For the year ending
31 March 2002
1 Our plan is to build a responsive and cost effective ombudsman service. We recognise that absolute costs have increased with increased workload. However, we plan to measure progress on cost effectiveness by comparing the unit cost of the service, year on year. On this basis, unit cost is estimated to increase from £730 in 1999/2000 (the average of the ‘old’ schemes) to £764 in the current year 2000/2001. This is a direct result of increased investment in resources and skills. Unit cost is then budgeted to fall next year, 2001/2002, to £688 as a result of increased scale and increases in productivity.
2 The initial investment in the merger of the schemes can be analysed into capital expenditure on premises and technology of £11.2m and establishment costs of £5m. The capital expenditure is being recovered through the depreciation charge and is therefore reflected in the unit cost. Establishment costs of £4.7m will be recovered in three instalments from 2002/03 onwards. The projected improvement in unit cost outlined below is to a large degree a result of this additional investment.
Progress in reducing unit costs
3 Our current measure of unit cost is to take the aggregate annual costs of the organisation (before financing charges) and divide this figure by the total number of cases closed in the year. This gives a broad approximation of the cost of resolving each complaint and can therefore act as a benchmark for changes in our cost effectiveness.
4 It is important to stress that this is only an approximate benchmark – the unit cost includes not only the direct costs of handling a case but also a proportion of other general and support costs. The measure therefore remains a reliable benchmark as long as the relative costs of the various stages of our process remain stable over time. We discuss the implications of this in paragraph 10 below.
5 Accepting that this is an imperfect measure, unit cost can still show a picture of current progress. As set out in chapter 3 of this document, in the current year 2000/01 we took the decision to invest in new additional skills and resources for the single ombudsman service. This has resulted in an increase in our unit cost from £730 (the average of the ombudsman schemes in 1999/2000) to an estimated £764 in 2000/01.
6 Looking forward to next year, our unit cost is projected to fall to £688, which is £76 below the current year and £42 below the unit cost of the separate ombudsman schemes in 1999/2000. The unit cost is made up as follows.
7 Progress in achieving cost efficiencies can be tracked using this analysis. Productivity benefits show in a reduction in the case-handling unit cost, while scale benefits show in the management and support costs. However, as indicated in paragraph 10 below, the relationships will become more complex and we will need to track two or three key measures rather than a sole yardstick.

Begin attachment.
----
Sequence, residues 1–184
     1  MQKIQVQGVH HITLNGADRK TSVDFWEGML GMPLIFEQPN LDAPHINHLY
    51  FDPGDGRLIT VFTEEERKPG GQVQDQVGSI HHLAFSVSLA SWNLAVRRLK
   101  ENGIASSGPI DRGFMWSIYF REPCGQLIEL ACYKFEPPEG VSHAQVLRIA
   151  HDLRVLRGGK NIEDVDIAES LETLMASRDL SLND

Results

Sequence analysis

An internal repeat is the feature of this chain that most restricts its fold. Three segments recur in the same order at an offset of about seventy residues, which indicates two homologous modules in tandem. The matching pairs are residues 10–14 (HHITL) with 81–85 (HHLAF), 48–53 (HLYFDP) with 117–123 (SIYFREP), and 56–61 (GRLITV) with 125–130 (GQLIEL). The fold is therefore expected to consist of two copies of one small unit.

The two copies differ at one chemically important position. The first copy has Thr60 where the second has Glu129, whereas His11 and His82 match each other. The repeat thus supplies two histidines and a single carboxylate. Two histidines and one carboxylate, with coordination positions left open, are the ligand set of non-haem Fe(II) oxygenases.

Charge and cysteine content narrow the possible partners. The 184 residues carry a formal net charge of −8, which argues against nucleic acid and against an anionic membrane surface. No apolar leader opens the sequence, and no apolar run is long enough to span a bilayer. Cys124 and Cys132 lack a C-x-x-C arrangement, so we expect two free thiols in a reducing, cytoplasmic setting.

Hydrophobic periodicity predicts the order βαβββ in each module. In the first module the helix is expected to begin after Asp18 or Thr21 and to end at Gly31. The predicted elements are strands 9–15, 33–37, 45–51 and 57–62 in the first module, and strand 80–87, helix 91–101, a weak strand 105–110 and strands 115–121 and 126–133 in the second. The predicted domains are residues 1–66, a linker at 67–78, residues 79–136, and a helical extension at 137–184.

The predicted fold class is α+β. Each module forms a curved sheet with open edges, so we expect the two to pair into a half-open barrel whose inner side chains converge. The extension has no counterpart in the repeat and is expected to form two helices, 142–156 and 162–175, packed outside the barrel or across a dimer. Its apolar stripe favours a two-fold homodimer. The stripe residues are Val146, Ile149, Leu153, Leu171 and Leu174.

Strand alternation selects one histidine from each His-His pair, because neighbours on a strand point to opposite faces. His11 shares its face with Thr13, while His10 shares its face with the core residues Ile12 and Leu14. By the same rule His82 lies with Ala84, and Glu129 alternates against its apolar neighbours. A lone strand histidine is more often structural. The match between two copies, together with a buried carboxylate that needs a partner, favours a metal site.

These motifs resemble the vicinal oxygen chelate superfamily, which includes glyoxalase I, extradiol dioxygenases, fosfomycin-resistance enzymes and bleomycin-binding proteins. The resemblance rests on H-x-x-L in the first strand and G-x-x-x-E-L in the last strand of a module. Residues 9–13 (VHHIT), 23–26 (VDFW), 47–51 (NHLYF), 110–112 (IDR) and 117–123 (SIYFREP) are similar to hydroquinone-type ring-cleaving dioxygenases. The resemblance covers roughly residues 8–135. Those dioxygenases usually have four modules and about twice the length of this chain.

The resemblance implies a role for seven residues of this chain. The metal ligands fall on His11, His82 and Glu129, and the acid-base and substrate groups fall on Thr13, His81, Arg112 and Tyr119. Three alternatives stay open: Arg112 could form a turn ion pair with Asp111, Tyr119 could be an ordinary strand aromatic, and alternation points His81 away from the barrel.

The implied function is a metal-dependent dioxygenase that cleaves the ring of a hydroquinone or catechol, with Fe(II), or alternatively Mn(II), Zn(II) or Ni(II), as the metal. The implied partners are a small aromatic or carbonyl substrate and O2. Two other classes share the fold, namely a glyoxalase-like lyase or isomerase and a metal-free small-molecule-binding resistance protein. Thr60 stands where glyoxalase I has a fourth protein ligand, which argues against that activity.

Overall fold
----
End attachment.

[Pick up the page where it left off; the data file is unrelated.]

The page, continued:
8 We have suggested to the FSA that we introduce a control structure which would be similar to a ‘one-way’ ratchet. Each year, we will establish a target unit cost for the budget year. If complaint volumes are above the budget assumption, and additional funds are required, then this would need to be translated into a lower unit cost – for 2001/02 this would need to be below £688.
9 On the other hand, if complaint volumes are below the budgeted assumption, we should aim to make sufficient savings to keep the unit cost no higher than the agreed target number. Clearly, if this is predicted to happen mid-way through a financial year, we would need some time to achieve those savings. We would also want to take the opportunity to reduce queue lengths if these were at an unacceptable level.
10 Although this overall approach is sound, we will need to refine the actual definition of unit cost. At present, we simply take total costs (before financing) and divide it by the number of closed cases. However, as set out in chapter 3 of this document, a key element of the new business process is to try to resolve complaints as early as possible, and wherever possible, before they become chargeable cases. We could, therefore, envisage a position where our process is successful in resolving more disputes at an early stage – but where the unit cost appears to increase because of a fall in chargeable cases.
11 To overcome this problem, we will supplement the single unit cost ratio with a cluster of three or four ratios for next year’s budget paper. The most probable ratios will be as follows.
However, our overall approach will remain the same, and whatever measurement of unit cost is used, we will recalibrate previous years’ data to provide a consistent base of comparison.
12 As a final point, it would be wrong to see the emphasis on productivity and unit cost as necessarily in conflict with the need to continually improve service standards. High levels of productivity lead to shorter response times. The more efficient process-organisations manage to combine low unit costs and short queues.